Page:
Half past two can hardly be called morning, yet we got up at this ungodly hour today, so that I could drive Natasha to Heathrow for her journey to Russia.
Driving in the middle of the night is far from being one of my favorite endeavors, but it turned out to be oddly satisfying: The streets are empty, and while zipping through, I could not help but compare it to the torment of barely crawling along in the middle of the day. Conclusion: making good time is possible, one just needs to pick his spots…
The early hours did cause a couple of mishaps. First, airlines-to-terminal mappings are not clearly signposted in Heathrow (as in many other European airports); you have to know which terminal to go to. Even after all this time, it appeared that I could mistakenly rely on my gut feel in this regard. Recalling that many airlines depart from Terminal 3, I directed ourselves into the suspiciously empty parking garage, and then we walked into no less suspiciously empty terminal. As realization dawned that most of the airlines at this terminal were long-haul, Natasha checked her tickets and, surely, they were clearly marked with Terminal 2. There is neither a monorail nor easy walking passages between terminals. We returned to the car, paid for “under 30 minutes” parking, drove to the other – considerably more densely occupied – garage, and found ourselves at the correct – and packed to the seams – terminal, which hosts most of the major European carriers.
When we first got out of the car, I habitually disconnected my GPS device and stuck it in my coat pocket. Twenty minutes later, already queued for the check-in, I became aware that it was no longer there. Uh-oh! Could someone have pilfered it out of my pocket in the crowded space?… Even though the device has long ago justified its cost, and I’ve had it for enough years for it to be somewhat functionally outdated, I do not cherish the idea of being forced to replace it because it was stolen or otherwise lost. If you recall, we lost our old and true digital camera on a train a year ago (mentioned here) and then ended up buying a replacement that turned out to be a lemon (first mentioned here), which was itself replaced – to much better results – less than six months later. I am sure it would be somewhat traumatic to have to go through a similar process with a GPS (and I certainly consider it one of the best inventions in the history of humankind, and cannot imagine myself traveling without it – so I would have to replace it!).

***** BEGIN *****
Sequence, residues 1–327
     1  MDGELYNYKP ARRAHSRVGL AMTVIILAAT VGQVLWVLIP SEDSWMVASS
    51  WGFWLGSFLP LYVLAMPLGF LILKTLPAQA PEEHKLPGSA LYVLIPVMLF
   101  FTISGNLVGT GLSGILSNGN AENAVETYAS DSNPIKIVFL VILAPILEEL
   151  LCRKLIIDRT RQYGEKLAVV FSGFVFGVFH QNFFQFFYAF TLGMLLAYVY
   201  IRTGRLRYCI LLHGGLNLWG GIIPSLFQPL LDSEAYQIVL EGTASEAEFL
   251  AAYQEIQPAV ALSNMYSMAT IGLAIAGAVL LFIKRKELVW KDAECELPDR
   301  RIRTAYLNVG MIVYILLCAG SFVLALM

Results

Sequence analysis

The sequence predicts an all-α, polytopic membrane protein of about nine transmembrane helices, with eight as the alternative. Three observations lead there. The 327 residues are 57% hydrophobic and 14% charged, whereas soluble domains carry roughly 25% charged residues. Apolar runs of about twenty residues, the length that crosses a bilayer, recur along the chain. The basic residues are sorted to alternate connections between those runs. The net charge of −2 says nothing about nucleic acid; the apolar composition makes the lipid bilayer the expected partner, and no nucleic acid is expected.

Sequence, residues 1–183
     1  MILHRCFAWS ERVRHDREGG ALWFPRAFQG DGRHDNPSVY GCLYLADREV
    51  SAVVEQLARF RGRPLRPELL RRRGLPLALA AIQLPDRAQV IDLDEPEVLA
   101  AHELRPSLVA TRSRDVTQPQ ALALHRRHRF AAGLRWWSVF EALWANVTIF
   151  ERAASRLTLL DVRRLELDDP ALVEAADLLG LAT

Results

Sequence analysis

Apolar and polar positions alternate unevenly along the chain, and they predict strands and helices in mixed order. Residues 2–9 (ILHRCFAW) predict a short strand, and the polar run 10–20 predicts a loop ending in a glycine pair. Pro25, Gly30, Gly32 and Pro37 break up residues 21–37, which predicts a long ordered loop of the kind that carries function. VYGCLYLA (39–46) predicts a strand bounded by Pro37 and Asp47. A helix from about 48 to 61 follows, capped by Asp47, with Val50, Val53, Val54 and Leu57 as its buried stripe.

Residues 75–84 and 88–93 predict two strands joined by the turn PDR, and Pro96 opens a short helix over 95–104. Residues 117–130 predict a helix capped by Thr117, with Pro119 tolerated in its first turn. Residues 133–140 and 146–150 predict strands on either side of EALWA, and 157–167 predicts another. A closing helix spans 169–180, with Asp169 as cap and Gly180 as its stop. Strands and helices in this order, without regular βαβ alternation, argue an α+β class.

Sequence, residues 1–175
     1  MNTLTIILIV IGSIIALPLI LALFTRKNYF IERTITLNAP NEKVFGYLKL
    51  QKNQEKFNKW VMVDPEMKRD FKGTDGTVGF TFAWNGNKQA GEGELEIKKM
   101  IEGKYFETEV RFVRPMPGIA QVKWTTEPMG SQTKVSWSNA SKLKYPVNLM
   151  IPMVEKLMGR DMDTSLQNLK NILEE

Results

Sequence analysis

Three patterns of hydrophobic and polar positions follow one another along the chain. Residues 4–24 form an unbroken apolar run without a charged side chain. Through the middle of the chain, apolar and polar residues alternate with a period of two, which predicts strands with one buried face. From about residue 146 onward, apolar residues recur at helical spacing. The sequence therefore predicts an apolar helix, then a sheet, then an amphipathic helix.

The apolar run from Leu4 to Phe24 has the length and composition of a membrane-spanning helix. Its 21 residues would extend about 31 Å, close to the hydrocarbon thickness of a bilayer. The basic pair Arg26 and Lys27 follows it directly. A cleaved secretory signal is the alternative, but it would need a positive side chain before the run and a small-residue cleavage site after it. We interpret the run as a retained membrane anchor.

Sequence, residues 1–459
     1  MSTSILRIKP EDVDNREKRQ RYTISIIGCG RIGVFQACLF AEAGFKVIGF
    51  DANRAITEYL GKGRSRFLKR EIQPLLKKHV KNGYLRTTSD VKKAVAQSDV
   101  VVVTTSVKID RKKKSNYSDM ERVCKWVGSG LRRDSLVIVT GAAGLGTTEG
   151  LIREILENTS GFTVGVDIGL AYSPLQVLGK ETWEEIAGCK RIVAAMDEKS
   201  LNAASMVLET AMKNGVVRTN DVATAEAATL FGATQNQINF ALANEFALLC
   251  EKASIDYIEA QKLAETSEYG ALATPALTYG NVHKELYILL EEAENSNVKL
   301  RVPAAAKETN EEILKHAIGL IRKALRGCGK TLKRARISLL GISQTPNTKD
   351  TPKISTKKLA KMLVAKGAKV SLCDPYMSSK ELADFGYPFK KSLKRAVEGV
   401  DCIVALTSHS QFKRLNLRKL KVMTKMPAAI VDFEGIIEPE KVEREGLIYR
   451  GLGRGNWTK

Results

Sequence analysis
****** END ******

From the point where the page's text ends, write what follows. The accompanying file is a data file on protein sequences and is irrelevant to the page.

Thankfully, a quick trip to the car uncovered the fact that the device simply fell out of my pocket while we were in transit between terminals, and was peacefully resting on the driver seat. I made sure to secure it for the remainder of my journey. The catastrophic scenario of forced replacement was thus avoided.
Compared to these mis-adventures, Natasha’s travel to the great city of Rostov-on-Don was rather non-eventful, with enough time at both Heathrow and between connecting flights in Vienna to compensate for having a suitcase that weighed several kilos less than the allowable limit, by buying additional gifts at the duty-free shops. She ended up next to a well-lubricated, but not well-washed… ahem… gentleman… on the first leg of her journey – which could not be a better illustration as to why I hate air travel even if I made it up! – but otherwise arrived on time and with her suitcase, which is all one can ask for these days.
The three of us are left to our own devices for the next week-plus. That means largely eating take-out and growing a pile of laundry.
The girls are out of school, and I’ll have to work on keeping them entertained, while trying to at least pretend that I am working on my job responsibilities for three days next week. Natasha, however, as good administrative assistants do, had prepared a bit of itinerary for the first few days before she left. The first act was today, in the form of a Cinderella on Ice performance at the skating rink where Becky and Kimmy train. The production was very well done, if a bit amateurish and slightly disorganized; the important thing is that the young ladies had fun. We’ll continue the programme tomorrow.